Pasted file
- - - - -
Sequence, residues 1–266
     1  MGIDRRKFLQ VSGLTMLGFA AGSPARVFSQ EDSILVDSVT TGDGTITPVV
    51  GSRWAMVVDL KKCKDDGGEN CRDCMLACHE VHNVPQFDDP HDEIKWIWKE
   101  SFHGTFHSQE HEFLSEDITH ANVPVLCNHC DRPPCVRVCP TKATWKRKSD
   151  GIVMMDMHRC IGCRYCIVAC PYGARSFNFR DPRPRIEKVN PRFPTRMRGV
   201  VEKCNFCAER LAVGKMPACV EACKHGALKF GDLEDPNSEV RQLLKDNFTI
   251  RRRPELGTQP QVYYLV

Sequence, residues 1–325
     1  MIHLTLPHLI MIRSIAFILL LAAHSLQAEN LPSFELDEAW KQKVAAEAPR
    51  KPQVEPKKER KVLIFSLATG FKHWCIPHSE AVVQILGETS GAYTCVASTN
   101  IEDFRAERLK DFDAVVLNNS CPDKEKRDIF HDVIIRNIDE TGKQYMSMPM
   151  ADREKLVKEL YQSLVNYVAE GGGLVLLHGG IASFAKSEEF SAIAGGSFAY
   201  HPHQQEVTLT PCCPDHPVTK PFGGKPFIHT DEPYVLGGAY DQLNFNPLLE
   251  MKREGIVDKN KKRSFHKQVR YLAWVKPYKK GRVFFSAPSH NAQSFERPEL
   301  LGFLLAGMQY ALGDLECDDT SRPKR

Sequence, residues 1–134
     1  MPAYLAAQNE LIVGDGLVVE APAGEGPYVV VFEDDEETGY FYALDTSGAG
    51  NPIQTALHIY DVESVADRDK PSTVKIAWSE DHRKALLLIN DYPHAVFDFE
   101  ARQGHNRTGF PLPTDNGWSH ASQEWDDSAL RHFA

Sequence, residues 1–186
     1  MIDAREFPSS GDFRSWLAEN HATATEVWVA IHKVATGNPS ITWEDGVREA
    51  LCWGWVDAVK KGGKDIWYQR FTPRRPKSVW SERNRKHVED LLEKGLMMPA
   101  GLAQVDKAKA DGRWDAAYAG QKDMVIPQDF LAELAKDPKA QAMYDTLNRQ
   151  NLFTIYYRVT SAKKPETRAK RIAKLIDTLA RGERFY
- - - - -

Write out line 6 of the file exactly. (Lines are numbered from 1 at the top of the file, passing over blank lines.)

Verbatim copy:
   201  VEKCNFCAER LAVGKMPACV EACKHGALKF GDLEDPNSEV RQLLKDNFTI